I based my comments on parental notification an article by Molly Ivins. I misread Ivins's article. Texas does allow a maturity exemption within the judicial bypass procedure for parental notification. Ivins wrote: "If a minor can go before a court and prove she either cannot or clearly should not notify her parents, a judge can grant her exemption from the requirement." Ivins goes on to provide a number of cannot and should not examples, none of which are related to maturity. Although maturity exists as an exemption now, Ivins suggests that the exemption is de facto unavailable in most Texas counties due to ignorance. Ivins further reports that the Texas legislature is considering a bill that would mandate parental consent rather than notice. Consent implies that maturity would not be an exception.
Surely there is an age below which no offender, no matter what his crime, can be deemed to have the cognitive or emotional maturity necessary to warrant the death penalty. But at least at the margins between adolescence and adulthood-- and especially for 17-year-olds such as respondent--the relevant differences between "adults" and "juveniles" appear to be a matter of degree, rather than of kind. It follows that a legislature may reasonably conclude that at least some 17-year-olds can act with sufficient moral culpability, and can be sufficiently deterred by the threat of execution, that capital punishment may be warranted in an appropriate case.
Chronological age is not an unfailing measure of psychological development, and common experience suggests that many 17-year-olds are more mature than the average young "adult."
O'Connor's view is wholly unprincipled. She wants to make all 17 year olds executable and let juries sort them out. I trust juries to make important decisions when given accurate information. Unfortunately, death penalty juries are stacked via voir dire to include the most enthusiastic supporters of the needle. Then, juries are routinely given bad, false, or incomplete information upon which to base their decision:
Dr Grigson (often referred to as "Dr Death") has testified for the prosecution in at least 140 Texas capital trials; jurors imposed death sentences in more than 98 percent of these cases. Dr Grigson has repeatedly testified that his predictions are 100 percent accurate.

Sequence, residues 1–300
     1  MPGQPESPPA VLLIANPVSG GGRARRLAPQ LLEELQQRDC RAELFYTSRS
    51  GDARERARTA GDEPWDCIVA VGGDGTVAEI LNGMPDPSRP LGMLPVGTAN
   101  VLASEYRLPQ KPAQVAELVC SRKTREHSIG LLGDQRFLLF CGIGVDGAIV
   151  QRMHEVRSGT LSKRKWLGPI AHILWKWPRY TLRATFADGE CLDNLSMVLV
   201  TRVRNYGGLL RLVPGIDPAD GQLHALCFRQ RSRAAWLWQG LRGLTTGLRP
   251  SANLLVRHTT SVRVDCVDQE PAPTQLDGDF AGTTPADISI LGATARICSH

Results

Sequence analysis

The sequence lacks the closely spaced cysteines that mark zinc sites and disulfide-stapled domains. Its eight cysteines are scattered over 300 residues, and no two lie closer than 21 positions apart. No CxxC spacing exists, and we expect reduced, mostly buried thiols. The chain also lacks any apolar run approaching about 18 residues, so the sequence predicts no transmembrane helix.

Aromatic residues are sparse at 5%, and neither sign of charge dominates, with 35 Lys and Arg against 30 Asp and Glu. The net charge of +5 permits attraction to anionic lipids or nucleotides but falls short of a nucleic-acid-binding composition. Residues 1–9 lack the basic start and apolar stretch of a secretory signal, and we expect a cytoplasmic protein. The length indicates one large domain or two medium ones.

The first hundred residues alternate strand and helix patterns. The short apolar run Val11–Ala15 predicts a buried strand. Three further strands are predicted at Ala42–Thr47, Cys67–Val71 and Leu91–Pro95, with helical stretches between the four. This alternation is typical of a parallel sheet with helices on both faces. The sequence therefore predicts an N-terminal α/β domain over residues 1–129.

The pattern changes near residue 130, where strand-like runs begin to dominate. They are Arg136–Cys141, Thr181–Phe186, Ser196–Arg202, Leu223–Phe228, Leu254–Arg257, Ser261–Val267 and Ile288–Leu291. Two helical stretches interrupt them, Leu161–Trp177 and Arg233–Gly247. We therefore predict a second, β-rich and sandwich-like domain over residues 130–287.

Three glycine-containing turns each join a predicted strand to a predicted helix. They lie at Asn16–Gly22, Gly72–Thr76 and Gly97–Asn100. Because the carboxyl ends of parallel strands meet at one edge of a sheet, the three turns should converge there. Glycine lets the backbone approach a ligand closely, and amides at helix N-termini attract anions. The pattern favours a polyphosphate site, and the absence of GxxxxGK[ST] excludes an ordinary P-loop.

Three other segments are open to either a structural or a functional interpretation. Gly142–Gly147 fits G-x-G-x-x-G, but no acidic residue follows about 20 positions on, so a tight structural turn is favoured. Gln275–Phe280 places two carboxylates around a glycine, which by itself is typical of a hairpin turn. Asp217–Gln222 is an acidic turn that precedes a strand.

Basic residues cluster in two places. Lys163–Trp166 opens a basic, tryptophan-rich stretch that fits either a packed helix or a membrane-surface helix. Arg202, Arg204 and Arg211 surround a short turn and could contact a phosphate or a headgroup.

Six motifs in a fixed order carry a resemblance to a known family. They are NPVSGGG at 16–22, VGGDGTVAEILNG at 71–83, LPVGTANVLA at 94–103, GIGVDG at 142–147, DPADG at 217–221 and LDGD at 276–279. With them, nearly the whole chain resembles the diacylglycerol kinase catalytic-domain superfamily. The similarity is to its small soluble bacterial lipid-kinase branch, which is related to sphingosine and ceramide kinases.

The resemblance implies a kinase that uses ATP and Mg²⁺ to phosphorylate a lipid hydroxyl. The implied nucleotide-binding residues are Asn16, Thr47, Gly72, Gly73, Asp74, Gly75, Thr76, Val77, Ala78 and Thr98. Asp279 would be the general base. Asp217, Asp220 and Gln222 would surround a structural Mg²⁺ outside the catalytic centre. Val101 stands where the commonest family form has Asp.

Further, O'Connor must also support a maturity exception to parental notification when a minor seeks an abortion. Typically, a minor must demonstrate that a parent is unavailable or that it would be dangerous to notify a parent, before a court will allow an exception to parental notice of an abortion. Under the O'Connor rule, any 17 year old who acts adult enough should have an automatic pass -- or at least the right to have a jury decide whether she's adult enough to circumvent notification.
We need a bright line between children and adults for legal purposes. There will always be 17 year olds who are more mature than 20 year olds and 30 year olds who consistently act like children. The only other option is to return to a more communal society, where adulthood is conferred by ceremony and consensus.
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By 10:09 AM, at
Jambo, you make me weep.
I'm sure I would if I had made the post above, but I did not. I hope the comment was made by someone known to one or the other of us who has just gone a little too far in an attempt at humor.
By 12:53 PM, at
Yet another victim of identity theft.
I deleted the faux-Jambo comment.<< Home